There is plenty to do in grade 11: introduce the foundational concepts of motion and build graph-interpretation skills, problem solving skills, and modeling skills. Doing this with one-dimensional linear motion is already challenging; students don’t need another dimension to worry about. So don’t introduce any trigonometry, any projectile motion, or any 2-D vector analysis; stick to 1-D. It is an indication of a flawed curriculum that these challenging skills (how much difficulty do your grade 12s have with these?) are briefly included in the grade 11 motion unit and then abandoned for the rest of the course. Keep the skill sets clear and focused: 1-D for grade 11, 2-D for grade 12. (Note: in grade 11 we do explore forces in two dimensions, but only at right angles — no trig is required, so it’s all 1-D work.) Also, relative velocity is an interesting but niche topic that appears and then disappears; its skills are not used again in high school physics. Leave out relative velocity in both grades so you can focus on the core ideas of one and two-dimensional motion.

(15) Introduce a consistent method of notating variables
We always use deltas for quantities that describe intervals (Δt, Δx) and reserve Δd for two-dimensional displacements only. Events are notated using numerical subscripts: v1 = the velocity at event 1, Δt23 the time interval between events 2 and 3. The subscripts “i” and “f” are only used for generalized quantities and are never used in students’ work. For example, vf = vi + aΔt is the general equation that is introduced, but students always write v2 = v1 + aΔt12 with the appropriate event numbers. Letter subscripts denote the object: ΔyA = the vertical displacement of object A in a multiple-object situation. We never use a prime notation — numbers indicate the events before and after some process (mAvA1, mAvA2). We introduce some of these ideas on our lesson on defining velocity.

(16) Insignificant Digits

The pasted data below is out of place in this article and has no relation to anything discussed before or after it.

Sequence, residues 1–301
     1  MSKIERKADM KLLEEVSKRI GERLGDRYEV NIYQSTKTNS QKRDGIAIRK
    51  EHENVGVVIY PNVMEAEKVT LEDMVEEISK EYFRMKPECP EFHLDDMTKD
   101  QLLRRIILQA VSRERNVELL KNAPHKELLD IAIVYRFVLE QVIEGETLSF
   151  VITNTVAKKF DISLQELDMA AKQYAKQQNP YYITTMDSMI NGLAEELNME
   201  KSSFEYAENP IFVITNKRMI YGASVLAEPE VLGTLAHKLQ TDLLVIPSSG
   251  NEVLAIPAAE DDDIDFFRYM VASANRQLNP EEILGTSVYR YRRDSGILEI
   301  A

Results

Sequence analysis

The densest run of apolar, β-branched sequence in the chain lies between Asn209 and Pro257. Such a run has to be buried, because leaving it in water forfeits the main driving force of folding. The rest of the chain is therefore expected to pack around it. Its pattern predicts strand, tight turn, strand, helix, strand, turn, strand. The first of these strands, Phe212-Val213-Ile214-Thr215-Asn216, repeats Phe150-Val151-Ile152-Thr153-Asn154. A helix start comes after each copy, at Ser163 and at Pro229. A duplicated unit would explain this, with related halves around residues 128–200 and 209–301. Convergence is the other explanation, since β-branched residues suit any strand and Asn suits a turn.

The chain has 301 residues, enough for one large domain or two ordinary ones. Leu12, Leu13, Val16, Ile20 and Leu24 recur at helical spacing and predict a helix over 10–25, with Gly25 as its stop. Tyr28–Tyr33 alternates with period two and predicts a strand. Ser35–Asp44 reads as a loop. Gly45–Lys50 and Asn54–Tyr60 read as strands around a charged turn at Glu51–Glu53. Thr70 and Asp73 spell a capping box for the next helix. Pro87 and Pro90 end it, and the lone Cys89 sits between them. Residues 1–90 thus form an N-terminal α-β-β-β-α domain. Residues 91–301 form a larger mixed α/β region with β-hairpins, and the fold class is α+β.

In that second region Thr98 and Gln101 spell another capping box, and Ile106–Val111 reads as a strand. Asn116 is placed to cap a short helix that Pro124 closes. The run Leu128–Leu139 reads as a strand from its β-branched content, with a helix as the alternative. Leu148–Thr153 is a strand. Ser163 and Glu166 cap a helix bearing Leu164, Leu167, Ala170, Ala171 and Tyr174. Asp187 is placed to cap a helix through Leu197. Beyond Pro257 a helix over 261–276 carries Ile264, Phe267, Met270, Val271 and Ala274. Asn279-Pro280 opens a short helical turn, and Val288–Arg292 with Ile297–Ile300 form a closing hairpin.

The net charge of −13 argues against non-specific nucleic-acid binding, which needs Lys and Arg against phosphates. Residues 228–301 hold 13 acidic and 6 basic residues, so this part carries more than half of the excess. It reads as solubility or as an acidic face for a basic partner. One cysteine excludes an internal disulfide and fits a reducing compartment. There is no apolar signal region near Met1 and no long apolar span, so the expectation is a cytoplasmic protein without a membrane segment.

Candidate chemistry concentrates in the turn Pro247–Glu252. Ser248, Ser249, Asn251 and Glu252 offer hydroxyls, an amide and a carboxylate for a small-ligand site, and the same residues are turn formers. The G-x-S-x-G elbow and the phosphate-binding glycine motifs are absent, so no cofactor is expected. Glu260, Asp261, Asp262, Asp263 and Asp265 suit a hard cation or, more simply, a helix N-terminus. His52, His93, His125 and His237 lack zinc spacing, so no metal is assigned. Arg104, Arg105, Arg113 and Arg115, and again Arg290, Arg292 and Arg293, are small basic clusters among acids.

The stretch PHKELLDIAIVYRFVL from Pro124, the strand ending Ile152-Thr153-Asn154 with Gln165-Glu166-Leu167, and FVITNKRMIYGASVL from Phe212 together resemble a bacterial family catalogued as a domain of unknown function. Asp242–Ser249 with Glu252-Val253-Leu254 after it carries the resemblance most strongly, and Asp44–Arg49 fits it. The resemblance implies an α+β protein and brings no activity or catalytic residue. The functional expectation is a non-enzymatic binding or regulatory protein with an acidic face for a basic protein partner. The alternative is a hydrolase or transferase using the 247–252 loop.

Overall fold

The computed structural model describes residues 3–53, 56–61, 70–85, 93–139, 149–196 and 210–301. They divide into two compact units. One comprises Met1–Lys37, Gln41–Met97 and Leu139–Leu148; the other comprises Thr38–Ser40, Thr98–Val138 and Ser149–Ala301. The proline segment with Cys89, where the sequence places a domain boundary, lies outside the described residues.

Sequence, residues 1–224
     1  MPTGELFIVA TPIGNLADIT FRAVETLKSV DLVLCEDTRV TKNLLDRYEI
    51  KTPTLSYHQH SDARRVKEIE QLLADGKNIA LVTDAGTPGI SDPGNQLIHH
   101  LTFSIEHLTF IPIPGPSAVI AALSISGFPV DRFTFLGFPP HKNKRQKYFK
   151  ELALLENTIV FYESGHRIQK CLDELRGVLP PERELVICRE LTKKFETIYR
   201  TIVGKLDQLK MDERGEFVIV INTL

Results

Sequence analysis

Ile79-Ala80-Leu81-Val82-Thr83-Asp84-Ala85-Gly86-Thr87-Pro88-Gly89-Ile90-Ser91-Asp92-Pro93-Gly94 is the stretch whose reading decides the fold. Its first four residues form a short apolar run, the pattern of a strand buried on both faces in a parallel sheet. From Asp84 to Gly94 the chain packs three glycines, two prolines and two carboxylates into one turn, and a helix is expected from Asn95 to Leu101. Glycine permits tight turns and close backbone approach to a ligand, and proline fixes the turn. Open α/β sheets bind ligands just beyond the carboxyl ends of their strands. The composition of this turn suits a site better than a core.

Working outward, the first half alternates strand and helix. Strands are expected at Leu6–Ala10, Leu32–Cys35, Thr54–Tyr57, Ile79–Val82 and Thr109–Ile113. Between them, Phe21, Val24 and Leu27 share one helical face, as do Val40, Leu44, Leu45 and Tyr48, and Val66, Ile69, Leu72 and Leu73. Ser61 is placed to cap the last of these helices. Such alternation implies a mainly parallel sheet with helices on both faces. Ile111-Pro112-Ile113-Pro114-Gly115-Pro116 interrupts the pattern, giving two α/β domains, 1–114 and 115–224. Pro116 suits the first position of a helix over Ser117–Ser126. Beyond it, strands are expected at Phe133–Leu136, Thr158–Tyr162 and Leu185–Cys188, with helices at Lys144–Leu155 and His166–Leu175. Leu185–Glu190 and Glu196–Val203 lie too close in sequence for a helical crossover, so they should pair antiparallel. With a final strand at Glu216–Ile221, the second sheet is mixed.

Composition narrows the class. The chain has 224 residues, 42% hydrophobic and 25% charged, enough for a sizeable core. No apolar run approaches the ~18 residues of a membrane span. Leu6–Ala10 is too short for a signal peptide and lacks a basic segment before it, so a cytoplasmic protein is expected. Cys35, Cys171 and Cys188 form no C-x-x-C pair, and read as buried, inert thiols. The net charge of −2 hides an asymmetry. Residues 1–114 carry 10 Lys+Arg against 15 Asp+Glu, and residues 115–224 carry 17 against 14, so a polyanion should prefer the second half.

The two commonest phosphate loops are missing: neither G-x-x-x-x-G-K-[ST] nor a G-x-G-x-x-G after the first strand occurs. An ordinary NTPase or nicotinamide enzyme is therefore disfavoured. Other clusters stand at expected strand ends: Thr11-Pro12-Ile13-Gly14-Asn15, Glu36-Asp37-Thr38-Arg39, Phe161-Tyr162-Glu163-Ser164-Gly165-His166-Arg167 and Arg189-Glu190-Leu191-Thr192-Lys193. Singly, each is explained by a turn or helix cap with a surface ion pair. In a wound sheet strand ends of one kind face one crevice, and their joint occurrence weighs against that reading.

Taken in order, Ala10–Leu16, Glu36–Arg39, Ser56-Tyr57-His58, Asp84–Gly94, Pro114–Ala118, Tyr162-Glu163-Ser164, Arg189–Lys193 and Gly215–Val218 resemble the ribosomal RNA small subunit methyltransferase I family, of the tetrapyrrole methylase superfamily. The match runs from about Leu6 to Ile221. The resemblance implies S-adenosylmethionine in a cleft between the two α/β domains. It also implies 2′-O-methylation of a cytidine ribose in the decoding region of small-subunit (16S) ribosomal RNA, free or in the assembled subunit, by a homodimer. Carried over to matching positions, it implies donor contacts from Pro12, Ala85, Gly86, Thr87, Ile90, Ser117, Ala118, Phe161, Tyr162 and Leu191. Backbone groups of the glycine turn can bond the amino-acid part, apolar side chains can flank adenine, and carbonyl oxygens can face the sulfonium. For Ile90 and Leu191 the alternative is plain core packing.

Help students understand the significance (the conceptual significance, that is) of significant digits. “Significant” is a label we give to a digit that is physically meaningful, based on some measurement process. Most textbook questions give values with no indication of their origin; determining the number of significant digits in these numbers is impossible. So, use very simple rules for significant digits and avoid the bogus ones that are found in most high school textbooks. Scientists and engineers do not use these rules, so students shouldn’t sweat about them. Check out my article on this topic. Here is our lesson on measurement in grade 12 where we summarize these ideas and put them into their proper context of determining scientific agreement.

(17) Math, math, math, egg, and math
Many of my tips focus on math. There is a good chance you and I like math. Many of our students don’t, for reasons that are beyond our control. What we can control is how we use math in our physics class. Our use of math can make the difference between a course that is widely enjoyed by students and one that is feared and avoided. If used carefully, with an understanding of how our brains learn, we can both de-emphasize the role of math and increase the standards of our student’s mathematical work (not a contradiction — here is a median grade 12 motion test). Here are my tips:
  • Math is different between a physics class and a math class: Make these differences clear instead of expecting student to pick up on them on their own (most won’t). Examples: use of units, functional notation, “x” as the only thing you ever solve for, and many more.
  • Use exemplars: Even for the simplest math work, have clear exemplars with detailed criteria.
  • Sense-making is key: Develop a work procedure that helps students to make sense of their work before, during and after the mathematics.
  • Give them the equations on tests: Experts (including you and I) routinely look up equations, facts and data — this is normal. High school tests should have a strong focus on the physics rather than memorization or mathematical acrobatics. Fluency and automaticity come from regular use and reinforcement over time.
  • Explore the concept before the equation: The physics should always come first.
I have overheard my students remark while working on a freefall problem, “yeah this is like math class, except it makes sense.” I have written extensively about using math in the physics classroom here.

(18) Phew! Final thoughts on the motion unit
The motion unit is our students first real taste of physics and that taste ought to be a good one. We can change much about our teaching to help students without sacrificing rigorous standards. We should emphasize in this order: good physical thinking and modeling, a deep understanding of the concepts, making sense of mathematical work, and a disciplined approach to problem solving. With this emphasis, students will enjoy their work because it will feel more meaningful and that will encourage them to persist in developing good work habits and a confident approach to problem solving.
©Ontario Association of Physics Teachers Contact the Newsletter